Imagine for a second that you’re a film producer undertaking an extremely ambitious project, and there’s this one foreign actor you really need to fill one of the lead roles.
However, his management team has a number of concerns. They’re saying things about how they’re worried about him being exposed to an American audience in the wrong context, that appearing in American movies could cheapen his appeal at home, etc., and in many ways it’s pretty obvious that what they’re really talking about is money.
So, you decide to fly over there to smooth this over. You purchase the most supremely-threaded garments and procure the most luxurious vehicles to transport you around so as to project an air of superiority. You take the actor’s management team out to the finest meals, sampling local delicacies and aperitifs with no regard for cost.
And somehow, late in the evening you all end up at some strange place you think might be a strip club or could even be a brothel (it’s not quite clear given the language differences), and a wild night ensues, parts of which you selectively decide to lose in your mind’s drunken haze because, after all, you are a family man back home.
You return from this weekend overseas beaten down, exhausted and emotionally tapped. But the important thing is, you’ve won them over, and better yet, you have their ear. You haven’t sealed the deal yet, but their client (by way of them) is ready to listen to you.
A few weeks pass, and you set up another face-to-face meeting. This time, the client and the entire management team will be there (this is how business is conducted in that country).
For this trip, you purchase even nicer clothes and secure an even sleeker car, all because it adds to your air of confidence for the big meeting.
And when you finally arrive in the conference room after all that you’ve been through to get this actor’s attention, you sit down in front of him and all of his closest advisors, and proceed to blatantly lowball the shit out of them.
Not surprisingly, they storm out of the meeting almost immediately.
* * *
Now cut to real life, present day, and think about this scenario in the context of the Red Sox’s negotiations with star Japanese pitcher Daisuke Matsuzaka.
With time on the verge of running out for the Red Sox to sign Matsuzaka after putting $51 million on the line to secure exclusive negotiation rights, reports are swirling that they’ve made an offer of $48 million over six years.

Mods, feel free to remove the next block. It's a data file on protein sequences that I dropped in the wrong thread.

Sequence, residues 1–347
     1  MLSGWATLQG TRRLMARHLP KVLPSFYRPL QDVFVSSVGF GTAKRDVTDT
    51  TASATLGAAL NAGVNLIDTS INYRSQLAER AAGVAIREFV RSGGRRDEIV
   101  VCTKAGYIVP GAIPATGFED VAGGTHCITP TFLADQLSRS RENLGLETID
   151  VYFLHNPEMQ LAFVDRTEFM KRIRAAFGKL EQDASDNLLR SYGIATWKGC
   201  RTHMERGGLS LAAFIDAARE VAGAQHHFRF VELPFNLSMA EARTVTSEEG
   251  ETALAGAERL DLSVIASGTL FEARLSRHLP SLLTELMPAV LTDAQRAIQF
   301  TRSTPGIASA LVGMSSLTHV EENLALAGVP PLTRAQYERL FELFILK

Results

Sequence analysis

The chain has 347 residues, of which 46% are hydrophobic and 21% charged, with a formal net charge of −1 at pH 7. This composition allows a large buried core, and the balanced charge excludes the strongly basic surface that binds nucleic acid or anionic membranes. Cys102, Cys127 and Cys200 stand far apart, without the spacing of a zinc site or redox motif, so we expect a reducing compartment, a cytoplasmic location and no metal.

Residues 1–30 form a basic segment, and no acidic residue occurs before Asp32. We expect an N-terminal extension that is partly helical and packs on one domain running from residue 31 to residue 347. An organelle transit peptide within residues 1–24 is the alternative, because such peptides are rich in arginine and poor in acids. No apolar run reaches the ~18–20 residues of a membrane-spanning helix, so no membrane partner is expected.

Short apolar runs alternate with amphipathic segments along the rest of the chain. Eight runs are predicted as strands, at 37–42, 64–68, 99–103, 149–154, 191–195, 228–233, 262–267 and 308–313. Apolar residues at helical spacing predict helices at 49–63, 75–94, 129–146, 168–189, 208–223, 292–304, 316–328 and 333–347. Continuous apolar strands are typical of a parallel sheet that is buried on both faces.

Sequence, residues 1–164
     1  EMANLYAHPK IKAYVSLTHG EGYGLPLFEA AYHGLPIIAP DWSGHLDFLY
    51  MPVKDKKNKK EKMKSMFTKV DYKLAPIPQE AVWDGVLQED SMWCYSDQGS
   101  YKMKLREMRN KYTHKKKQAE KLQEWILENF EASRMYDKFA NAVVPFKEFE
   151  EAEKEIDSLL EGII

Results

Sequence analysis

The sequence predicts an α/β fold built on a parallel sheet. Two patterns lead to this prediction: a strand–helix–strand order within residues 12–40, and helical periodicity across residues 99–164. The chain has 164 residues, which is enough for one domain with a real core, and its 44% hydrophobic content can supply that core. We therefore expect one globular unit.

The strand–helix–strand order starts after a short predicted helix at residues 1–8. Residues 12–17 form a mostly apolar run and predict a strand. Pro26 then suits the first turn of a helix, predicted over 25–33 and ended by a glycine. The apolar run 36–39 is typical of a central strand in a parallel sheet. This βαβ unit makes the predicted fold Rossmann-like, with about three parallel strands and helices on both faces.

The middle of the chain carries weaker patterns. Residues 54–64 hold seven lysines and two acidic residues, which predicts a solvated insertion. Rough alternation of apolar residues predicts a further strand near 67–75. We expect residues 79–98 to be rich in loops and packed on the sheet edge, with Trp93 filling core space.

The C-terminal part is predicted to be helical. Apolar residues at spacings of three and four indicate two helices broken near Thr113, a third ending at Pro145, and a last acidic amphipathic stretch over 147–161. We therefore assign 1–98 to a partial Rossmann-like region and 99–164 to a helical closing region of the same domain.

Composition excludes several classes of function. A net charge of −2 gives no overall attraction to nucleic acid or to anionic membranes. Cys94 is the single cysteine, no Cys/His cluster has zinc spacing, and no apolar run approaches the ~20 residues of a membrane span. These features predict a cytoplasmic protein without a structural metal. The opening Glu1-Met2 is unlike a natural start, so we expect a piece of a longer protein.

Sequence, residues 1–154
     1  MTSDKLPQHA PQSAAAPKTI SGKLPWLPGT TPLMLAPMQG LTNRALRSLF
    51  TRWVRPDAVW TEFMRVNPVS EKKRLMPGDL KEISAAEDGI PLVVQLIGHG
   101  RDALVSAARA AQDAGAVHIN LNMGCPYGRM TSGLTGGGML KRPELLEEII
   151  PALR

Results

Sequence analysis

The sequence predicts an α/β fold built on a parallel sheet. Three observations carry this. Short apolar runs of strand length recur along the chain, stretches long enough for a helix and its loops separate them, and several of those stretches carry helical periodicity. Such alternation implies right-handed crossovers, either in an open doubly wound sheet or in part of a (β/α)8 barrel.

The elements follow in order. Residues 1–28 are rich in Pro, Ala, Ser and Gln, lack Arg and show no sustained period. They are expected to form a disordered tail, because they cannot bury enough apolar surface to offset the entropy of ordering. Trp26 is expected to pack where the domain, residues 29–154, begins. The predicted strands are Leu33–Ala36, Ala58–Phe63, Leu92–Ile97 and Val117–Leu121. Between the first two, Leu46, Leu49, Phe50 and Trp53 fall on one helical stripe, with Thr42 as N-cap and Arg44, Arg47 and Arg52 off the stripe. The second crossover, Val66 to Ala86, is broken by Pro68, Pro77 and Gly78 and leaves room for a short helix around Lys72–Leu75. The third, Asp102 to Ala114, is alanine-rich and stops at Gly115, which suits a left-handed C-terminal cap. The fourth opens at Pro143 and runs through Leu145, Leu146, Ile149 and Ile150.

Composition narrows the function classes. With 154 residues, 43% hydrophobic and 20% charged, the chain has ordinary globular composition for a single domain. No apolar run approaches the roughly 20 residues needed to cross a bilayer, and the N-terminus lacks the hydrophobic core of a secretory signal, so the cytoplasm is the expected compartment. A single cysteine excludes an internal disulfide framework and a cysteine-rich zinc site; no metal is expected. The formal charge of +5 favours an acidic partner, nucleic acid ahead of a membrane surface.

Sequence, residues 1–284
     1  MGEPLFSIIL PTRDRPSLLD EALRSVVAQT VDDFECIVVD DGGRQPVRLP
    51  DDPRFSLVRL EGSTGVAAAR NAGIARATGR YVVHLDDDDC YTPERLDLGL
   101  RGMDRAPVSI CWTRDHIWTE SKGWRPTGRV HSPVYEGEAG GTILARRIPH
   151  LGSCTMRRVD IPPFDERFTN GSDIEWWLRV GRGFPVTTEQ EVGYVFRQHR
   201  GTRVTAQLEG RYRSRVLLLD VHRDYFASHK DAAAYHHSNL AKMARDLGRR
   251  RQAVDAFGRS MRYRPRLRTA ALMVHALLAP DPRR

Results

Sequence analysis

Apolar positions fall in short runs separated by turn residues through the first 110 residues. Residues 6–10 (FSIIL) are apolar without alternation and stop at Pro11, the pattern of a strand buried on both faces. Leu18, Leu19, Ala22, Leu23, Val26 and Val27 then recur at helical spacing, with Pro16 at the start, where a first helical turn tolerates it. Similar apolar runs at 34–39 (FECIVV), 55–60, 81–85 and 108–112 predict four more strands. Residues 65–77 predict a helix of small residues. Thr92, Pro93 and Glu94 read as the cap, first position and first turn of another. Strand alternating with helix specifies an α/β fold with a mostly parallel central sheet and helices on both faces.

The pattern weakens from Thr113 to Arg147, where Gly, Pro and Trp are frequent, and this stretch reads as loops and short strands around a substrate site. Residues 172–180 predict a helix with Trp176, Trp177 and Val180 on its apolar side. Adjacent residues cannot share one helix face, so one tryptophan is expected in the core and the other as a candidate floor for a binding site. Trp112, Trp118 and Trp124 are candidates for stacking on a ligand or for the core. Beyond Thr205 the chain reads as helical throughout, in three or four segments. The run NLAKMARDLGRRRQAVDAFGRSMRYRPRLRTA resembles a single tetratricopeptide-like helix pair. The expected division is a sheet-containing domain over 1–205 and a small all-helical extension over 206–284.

Granted, this sounds like a lot of loot, but at this precise moment, it’s not –all you need to know about the current market is that journeyman lefty Ted Lilly and his 4.60 career ERA got $40 million over 4 years from the Cubs (an average of $10 million per year versus the $8 million annually the Red Sox have offered Matsuzaka).
And ignore for a second that by all accounts Matsuzaka is likely to be an outstanding Major League pitcher who will also have a seismic impact on the team’s marketability. The very principle of what the Red Sox are doing just makes no sense.
In The Lord of the Rings, did Frodo and Sam walk up to Mount Doom at the last minute, realize that the lava was really hot and say, “You know what? Let’s head home. This is clearly going to be a bit more taxing than we thought.”
Of course they didn’t. They may have wanted to (particularly Frodo, who was actually kind of being a whiny sissy for much of the third movie) but Sam wasn’t about to let that shit happen.
And someone on the Red Sox’s negotiating team needs to channel Samwise Gamgee, look everyone else in the eye and say in the most convincing tone: Look, you bastards. We’ve come too far to turn back now. Whatever it takes, we’ve gotta get this done.
The fact is, the Red Sox have the money to make this happen – reportedly, Matsuzaka and by extension Scott Boras are asking for $11 million over six years as opposed to $8 million annually. For the Red Sox that’s like attaching a Hershey’s Kiss to the ribbon tied around the gift.
Come on, Theo – make this happen. You didn’t make all this effort and spend all this time for nothing, did you? The OCC didn’t do an interview on Japanese television at ESPNZone just so you could turn back at the last second, and Lord knows that our fictional film producer didn’t jeopardize his marriage with one decadent night at an unseemly brothel-type establishment just so you could suddenly become fiscally concerned – fiscally concerned? – at the last minute.
You may think this is about money, and common sense may dictate that this is about money, and it may actually be about money in many ways, but above all else, this is about sitting down at the table and not getting up until you’ve gotten what you came for.
Do it for the Braves, who have become such sorry penny-pinchers that they can’t even make an arbitration offer to fan favorite Marcus Giles. Do it for those of us who consider refried beans with a spot of Mrs. Dash a proper meal in the days immediately after we’ve mailed our rent check.
Take that money, Theo Epstein, and light it directly on fire. Shove briefcases of bills in Scott Boras’ face if that’s what it takes. Don’t be a tease. Guns blazing, balls to the wall. Make it happen for Daisuke, for Red Sox nation, for Yankees fans who will immediately mock you for spending so much money even though they’re obviously just jealous you got it done. Make it happen for bitter Braves fans, for the burned-out film producer, for Scott Boras’ unborn grandchildren, who seem doomed to suffer through decades of poverty as a penance for their grandfather's otherworldly capitalistic greed. Make it happen, Theo. Make it happen for us.
Update: Theo must have read what I wrote.